Bike News Roundup: Watch how ‘jaywalking’ became a crime

It’s time for the Bike News Roundup!

Don’t forget to vote! And whether you voted weeks ago or your ballot is still at home, you can join me for our first ever Procrastinator’s Voting Party, 5–6:30 p.m. at Chuck’s Hop Shop CD (20th/Union). We’ll then bike to the ballot box en route to the Move Seattle election party in Belltown (I’ll even deliver your ballot for you if you can’t join the ride).

Anyway, in mostly non-election news, here’s a look at some of the bikey stuff floating around the web recently. First up, here’s a great, short explanation of how the calculated derogatory term “jaywalking” became a crime:

Pacific Northwest News

Halftime Show! Seattle Police helped train Bellevue Police in bicycle tactics. I’ve never been on a bicycle ride that includes live ammo target practice…

National & Global News

This is an open thread.

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7 Responses to Bike News Roundup: Watch how ‘jaywalking’ became a crime

  1. William C. says:

    Thanks for the police training video!

    The live-ammunition practice makes me wonder – what if someone shoots at someone on a bike? How likely is it to hit something that’ll mess up the bike, whether the chain, the tires, or something else?

  2. Al Dimond says:

    From the sound of the article, not charging the drunk-driver with homicide was probably correct. But it’s probably more like a broken clock that’s right twice a day than wise discretion on the part of the prosecutor.

  3. jay says:

    Well, I’m offended!

    But a minor correction, the roads belong to the entitled toads driving the cars, not the machines themselves; “The motor-car went Poop-poop-poop, As it raced along the road. Who was it steered it into a pond? Ingenious Mr. Toad!”

    Machines probably wouldn’t be so bad as long as they followed Asimov’s three laws, maybe a big “if”; still, if the machines decide to take over it won’t matter much if you have a manual control car when your credit card doesn’t work at the gas pump (or the grocery store), and the refineries aren’t working anyway.

    I for one welcome our new mechanical overlords.

    That story about the “Idaho stop” was interesting, of course most of the commenters totally ignored the: “Drivers did not do much better. They came to a complete stop just 22 percent of the time.”, but it was interesting that the Times even mentioned it.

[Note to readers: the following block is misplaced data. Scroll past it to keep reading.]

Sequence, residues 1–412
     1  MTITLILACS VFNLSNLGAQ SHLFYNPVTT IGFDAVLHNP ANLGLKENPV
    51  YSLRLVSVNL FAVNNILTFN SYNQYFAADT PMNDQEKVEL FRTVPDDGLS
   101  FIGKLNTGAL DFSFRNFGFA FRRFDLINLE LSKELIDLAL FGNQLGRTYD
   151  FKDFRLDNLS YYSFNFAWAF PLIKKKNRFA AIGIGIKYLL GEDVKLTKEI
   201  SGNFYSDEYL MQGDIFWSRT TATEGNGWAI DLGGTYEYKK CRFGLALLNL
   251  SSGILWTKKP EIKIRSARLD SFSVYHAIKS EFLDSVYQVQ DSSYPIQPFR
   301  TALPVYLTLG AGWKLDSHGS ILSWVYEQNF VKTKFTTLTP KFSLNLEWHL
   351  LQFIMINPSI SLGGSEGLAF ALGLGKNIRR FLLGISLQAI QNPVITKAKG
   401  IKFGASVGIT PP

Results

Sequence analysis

Sure, people on bicycles were much worse percentage wise, but as there are FAR more drivers the total number of drivers running stop signs dwarfs the number of bicycle riders, plus cars are much more deadly.
    Since there were only about 1600 “No” votes to the poll “Should Seattle allow bikes to yield instead of stopping at stop signs?” there is probably virtually zero chance that any of those No votes were cast by someone on their phone while running a stop sign in their car, but with a (much) larger sample there might be someone who did, considering how many drivers run stops and use their phone while driving, though there are probably very few who do online polls while driving. On the other hand, it is very likely that most those who voted “no” did run a stop sign in their car sometime that same day (not to mention speeding)

  4. Al Dimond says:

    Ever since the BMP Implementation Plan came out, I’ve been interested to see the rate of follow-through. With two months left, the 2015 projects are looking pretty good (the orange rows don’t necessarily represent delay, since the “2015” projects are really just projects that were supposed to start in 2015).

    • Al Dimond says:

      (I’ll try to collect on-the-ground info for the yellow rows Thursday. Generally it should be expected that SDOT accomplishes in 2015 what they said they’d accomplish back in March! The future will be more interesting.)

  5. Law Abider says:

    Jaywalking should not be a crime, but the manner that I see some people jaywalking is downright criminal.

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